This state of things, of course, could not last long. The soldiers believed themselves neglected by the State for whose safety they were fighting; else why this protracted refusal to send them provisions? The incipient discontent was fed and aggravated by several of the officers, who were getting tired of the campaign, and wished to return home, till at last it broke out into open revolt. The militia regiments, en masse, had resolved to leave. Jackson received the communication with grief and indignation. He felt for his poor, half-starved men, but all his passionate (p. 24) nature was roused at this deliberate defiance of his authority. The militia, however, did not regard his expostulations or threats, and they fixed on a morning to commence their march. But as they drew out to take their departure, they found, to their astonishment, the volunteers paraded across the path, with Jackson at their head. He ordered them to return to their position, or they should answer for their disobedience with their lives. They obeyed; but the volunteers, indignant that they had been made the instrument of quelling the revolt, and anxious as the others were to get away, resolved next morning to depart themselves. To their surprise, however, they saw the militia drawn up in the same position they had occupied the day before, to arrest the first forward movement that was made. This was a dangerous game to play with armed men, and would not bear a second trial.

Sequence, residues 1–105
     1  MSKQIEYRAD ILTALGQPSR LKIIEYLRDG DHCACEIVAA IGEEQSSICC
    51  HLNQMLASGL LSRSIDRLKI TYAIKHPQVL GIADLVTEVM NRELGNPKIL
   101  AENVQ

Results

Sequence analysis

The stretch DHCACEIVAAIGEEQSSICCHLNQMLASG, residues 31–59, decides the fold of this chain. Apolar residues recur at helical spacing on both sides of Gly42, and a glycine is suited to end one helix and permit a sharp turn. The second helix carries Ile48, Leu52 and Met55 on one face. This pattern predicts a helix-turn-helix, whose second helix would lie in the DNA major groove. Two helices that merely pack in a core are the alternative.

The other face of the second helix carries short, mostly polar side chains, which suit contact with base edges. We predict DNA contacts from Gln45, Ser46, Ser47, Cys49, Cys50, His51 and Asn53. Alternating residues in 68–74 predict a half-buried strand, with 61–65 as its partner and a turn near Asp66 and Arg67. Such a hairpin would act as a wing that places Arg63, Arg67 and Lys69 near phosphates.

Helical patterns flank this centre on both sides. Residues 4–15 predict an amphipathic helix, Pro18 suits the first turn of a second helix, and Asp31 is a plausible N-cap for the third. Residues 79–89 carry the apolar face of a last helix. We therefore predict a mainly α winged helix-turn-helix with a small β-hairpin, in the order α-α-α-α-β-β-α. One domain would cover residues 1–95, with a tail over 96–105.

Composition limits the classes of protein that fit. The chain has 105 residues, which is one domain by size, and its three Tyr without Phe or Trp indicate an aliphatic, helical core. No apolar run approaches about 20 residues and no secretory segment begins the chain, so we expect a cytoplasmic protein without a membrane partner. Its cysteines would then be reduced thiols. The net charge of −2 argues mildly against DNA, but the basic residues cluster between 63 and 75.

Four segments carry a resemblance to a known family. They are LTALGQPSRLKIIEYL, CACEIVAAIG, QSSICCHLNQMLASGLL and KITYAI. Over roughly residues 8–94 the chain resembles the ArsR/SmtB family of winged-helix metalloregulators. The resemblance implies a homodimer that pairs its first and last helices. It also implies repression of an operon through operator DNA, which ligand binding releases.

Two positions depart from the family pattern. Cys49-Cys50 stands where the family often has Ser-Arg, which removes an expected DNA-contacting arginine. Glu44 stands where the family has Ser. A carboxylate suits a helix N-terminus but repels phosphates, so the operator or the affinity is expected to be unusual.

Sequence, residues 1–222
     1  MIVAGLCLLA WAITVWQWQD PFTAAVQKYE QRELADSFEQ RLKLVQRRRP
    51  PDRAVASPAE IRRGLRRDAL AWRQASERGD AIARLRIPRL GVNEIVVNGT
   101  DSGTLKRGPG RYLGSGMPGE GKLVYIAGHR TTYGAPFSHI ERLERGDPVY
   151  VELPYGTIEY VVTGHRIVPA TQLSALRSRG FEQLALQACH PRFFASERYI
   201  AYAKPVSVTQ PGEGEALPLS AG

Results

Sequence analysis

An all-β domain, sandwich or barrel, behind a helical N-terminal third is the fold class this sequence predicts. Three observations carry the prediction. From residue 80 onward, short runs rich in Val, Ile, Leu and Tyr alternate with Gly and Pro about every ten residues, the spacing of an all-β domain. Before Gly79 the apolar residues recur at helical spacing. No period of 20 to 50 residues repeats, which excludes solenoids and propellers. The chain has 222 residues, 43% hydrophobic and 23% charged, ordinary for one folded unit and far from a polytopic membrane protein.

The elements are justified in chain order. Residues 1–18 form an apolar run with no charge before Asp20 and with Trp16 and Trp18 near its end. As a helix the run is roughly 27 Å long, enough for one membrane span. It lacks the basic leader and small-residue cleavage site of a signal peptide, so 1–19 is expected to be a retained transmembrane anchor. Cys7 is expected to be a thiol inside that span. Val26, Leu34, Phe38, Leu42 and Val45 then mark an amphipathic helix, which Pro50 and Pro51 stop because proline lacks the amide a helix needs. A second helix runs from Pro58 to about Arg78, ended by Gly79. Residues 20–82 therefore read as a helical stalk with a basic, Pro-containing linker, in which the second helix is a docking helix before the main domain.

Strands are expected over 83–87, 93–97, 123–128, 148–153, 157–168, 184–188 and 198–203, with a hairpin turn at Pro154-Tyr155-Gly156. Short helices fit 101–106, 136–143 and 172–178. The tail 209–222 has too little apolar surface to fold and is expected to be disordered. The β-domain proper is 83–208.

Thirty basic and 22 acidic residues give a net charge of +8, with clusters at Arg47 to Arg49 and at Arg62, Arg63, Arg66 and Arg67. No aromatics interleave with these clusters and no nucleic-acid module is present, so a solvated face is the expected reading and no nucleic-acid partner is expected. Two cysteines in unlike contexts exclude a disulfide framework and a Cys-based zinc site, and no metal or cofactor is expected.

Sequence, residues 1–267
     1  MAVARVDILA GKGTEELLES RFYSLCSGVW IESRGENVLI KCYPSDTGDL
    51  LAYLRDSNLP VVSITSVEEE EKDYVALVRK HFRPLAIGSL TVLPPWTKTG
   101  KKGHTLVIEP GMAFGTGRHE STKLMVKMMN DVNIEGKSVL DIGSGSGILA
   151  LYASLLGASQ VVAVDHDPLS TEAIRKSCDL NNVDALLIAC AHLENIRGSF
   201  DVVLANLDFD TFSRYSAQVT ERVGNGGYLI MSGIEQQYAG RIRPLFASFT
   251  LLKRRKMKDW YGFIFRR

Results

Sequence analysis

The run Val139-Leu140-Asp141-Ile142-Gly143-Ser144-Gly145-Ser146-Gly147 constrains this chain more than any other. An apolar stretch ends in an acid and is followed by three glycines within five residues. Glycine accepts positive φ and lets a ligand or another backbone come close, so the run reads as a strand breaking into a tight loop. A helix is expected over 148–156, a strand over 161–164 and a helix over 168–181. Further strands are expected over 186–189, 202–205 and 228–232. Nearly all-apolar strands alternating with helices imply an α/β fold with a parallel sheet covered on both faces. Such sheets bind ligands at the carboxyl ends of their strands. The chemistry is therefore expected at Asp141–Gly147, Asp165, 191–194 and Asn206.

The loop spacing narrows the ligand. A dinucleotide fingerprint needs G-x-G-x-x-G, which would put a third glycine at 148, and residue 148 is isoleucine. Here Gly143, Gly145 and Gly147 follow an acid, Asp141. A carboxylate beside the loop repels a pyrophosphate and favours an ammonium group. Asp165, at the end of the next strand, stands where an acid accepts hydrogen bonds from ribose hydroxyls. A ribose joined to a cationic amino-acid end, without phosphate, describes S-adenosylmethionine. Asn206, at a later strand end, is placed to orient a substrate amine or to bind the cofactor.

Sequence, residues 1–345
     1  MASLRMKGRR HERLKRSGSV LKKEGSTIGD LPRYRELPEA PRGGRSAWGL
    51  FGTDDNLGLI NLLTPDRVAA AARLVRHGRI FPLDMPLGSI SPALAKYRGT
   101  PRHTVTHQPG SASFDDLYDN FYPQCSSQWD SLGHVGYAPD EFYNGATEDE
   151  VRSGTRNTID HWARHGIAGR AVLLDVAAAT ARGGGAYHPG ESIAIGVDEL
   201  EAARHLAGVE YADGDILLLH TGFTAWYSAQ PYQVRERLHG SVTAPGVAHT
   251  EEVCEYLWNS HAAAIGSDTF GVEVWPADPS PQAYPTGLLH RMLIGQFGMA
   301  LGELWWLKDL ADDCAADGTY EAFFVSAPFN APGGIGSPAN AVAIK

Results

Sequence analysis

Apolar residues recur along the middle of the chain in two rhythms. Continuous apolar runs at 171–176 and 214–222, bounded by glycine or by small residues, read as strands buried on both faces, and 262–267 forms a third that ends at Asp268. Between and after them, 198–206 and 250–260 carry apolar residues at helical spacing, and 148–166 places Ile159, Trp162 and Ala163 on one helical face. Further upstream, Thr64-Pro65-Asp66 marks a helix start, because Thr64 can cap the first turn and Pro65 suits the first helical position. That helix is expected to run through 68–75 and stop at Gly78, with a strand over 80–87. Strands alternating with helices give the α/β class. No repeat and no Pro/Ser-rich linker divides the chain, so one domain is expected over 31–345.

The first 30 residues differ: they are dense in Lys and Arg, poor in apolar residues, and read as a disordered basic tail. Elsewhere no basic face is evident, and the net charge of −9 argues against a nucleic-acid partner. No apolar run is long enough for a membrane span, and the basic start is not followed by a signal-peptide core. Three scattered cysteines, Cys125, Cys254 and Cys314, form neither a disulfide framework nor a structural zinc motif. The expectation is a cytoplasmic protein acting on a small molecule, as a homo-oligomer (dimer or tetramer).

The cavalry, on the ground that the country yielded no forage for their horses, were permitted to retire to the neighborhood of Huntsville, where they promised to wait the orders of their commander.

In the mean time, Jackson hearing that provisions were on the way, made an effort to allay the excited, angry feelings that existed in the army, and so, on the 14th of November, invited all the field and platoon officers to his quarters, and after informing them that abundant supplies were close at hand, (p. 25) addressed them in a kind and sympathizing manner, told them how deeply he felt for their sufferings, and concluded by promising, if provisions did not arrive within two days, to lead them back himself to Tennessee. But this kind and conciliatory speech produced no effect on a portion of the army, and the first regiment of volunteers insisted on abandoning the fort. Permission to leave was granted, and Jackson, with chagrin and anguish, saw the men whom he refused to abandon at Natchez, forsake him in the heart of the forest, surrounded by hostile savages.